Where Designers Would Spend and Save in a Bedroom
We asked three interior designers which elements they think are worth a little more investment for a good night’s sleep
With that in mind, we asked three interior designers for their opinions on where it’s worth splashing out in the bedroom, and where you can afford to be thrifty.
Professional advice from: Gemma Hill of Bayswater Interiors; Caroline Nicholls of Slightly Quirky; Natasha Burton of NB Interiors
More in this series: Where Designers Would Spend and Save in a Kitchen l Where Designers Would Spend and Save in a Living Room
This one is a no-brainer. “The one thing I’d always invest in is your mattress,” Gemma Hill says. “You spend so much of your life in bed, and sleep is essential to good health, so this is one area you should try not to scrimp on. Once you close your eyes, other things in the bedroom don’t matter so much, but a mattress really does.”
Good mattresses can seem eye-wateringly expensive, but, as Gemma points out, “Many people will happily spend money on their car, for example, but not their beds, even though they spend more time in them.”
For couples who squabble over mattress firmness, she suggests it might be worth investing in one with different zones. “For example, [you can buy mattresses that are] medium on one side and harder on the other to suit both parties,” she says.
The official advice is to change our mattress every eight years. “However, if you can’t afford a new mattress, then get a new topper, as this can help extend the life of your mattress,” Gemma says.
Pocket-sprung mattresses will offer the greatest comfort, or look for memory foam options that mould to the shape of your body.
More: The Secret to Choosing a Great Mattress
A lovely padded headboard covered in velvet or patterned fabric can easily become the star of your bedroom – and make reading in bed much more comfy. And the good news is, it doesn’t have to cost much.
“Old headboards can easily be re-covered: just pay for the reupholstery and some really nice fabric – you generally don’t need a large quantity,” Caroline Nicholls says. “We re-covered the headboard and matching bolster cushions here with green velvet for a luxe look.”
More: How to Make Your Headboard Work Harder
Most of us would agree that storage is key in bedrooms, with ‘chairdrobes’, piles of shoes on the floor and overflowing chests of drawers never a good look.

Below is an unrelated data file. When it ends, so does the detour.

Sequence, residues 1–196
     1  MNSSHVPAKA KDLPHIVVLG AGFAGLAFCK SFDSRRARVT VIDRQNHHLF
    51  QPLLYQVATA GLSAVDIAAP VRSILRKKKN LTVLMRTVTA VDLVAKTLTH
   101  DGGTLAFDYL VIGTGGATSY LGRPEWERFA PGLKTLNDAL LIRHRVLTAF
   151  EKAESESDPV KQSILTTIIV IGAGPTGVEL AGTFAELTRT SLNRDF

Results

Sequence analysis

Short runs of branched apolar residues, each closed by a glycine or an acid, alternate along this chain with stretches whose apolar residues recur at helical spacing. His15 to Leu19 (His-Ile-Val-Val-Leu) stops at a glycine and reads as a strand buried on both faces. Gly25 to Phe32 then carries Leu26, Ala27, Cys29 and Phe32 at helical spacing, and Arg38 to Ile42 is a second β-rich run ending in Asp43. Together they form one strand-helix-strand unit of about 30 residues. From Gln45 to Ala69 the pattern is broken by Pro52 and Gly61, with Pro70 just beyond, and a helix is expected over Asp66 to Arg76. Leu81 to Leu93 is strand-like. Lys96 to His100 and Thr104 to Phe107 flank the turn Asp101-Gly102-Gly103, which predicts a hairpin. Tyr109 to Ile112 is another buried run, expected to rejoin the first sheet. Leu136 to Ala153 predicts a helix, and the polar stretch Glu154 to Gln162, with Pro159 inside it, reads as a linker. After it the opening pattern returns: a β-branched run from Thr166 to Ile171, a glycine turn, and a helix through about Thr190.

Our experts recommend investing in a custom-fitted wardrobe, if you can afford it. “I think good storage also adds value to your house, as it’s something people are looking for when they come to buy,” Gemma says.
To clear clutter, “choose bespoke storage that makes use of every inch of space,” Caroline advises. “Have wardrobes designed to meet your individual requirements, such as accommodating long or short clothes or storing items such as belts, scarves, jewellery and shoes.”
Find reviews and browse past projects for interior designers in your area.
“These can often be bought cheaply second-hand and upcycled by painting them and adding new handles,” Caroline says. “It’s also a way to give old tables a new lease of life, so they’re not wasted.” The side table seen here was transformed in exactly this way.
“Your bedside table is really just a surface for a glass of water, a book or a lamp, so be creative,” Gemma adds. “You can easily repurpose something else. For example, if your style is rustic, offcuts of logs can work brilliantly as side tables.”
It might be tempting to go for those bargain polyester-mix duvet covers and sheets (especially if they’re pretty), but it’s a false economy to cut back on good sheets, blankets, duvet covers and duvets, say our experts.
“You can absolutely tell the difference between cheap and expensive bed sheets,” Natasha Burton says. “Opt for maximum luxury and indulge in some top-quality bedding.”
Natural materials such as cotton will keep you cool, feel nicer against your skin, and help you snooze soundly. Hunt for offers on sheets with high thread counts. Snap up pure wool blankets and invest in cosy duvets and pillows made from goose down or duck feathers (as long as you aren’t allergic).
If you prefer to avoid animal products, there are some great ‘vegan’ synthetic alternatives that mimic the comfort, luxury and warmth of down.
Natasha says that many common details in bedrooms – mirrors, lamps, cushions – can be picked up relatively cheaply, so save your money for the headline items. “As cushions are purely decorative, for example, I’d spend your money on bedding and keep the cost of accessories to a minimum,” she says.
“You can find some fab purse-friendly full-length mirrors that do just as good a job as more expensive ones. And if you aren’t spending a huge amount of time in your room with the lights on, you can source cheaper bedside lamps.”
What have you spent and saved on in your bedroom? Share your thoughts and photos in the Comments.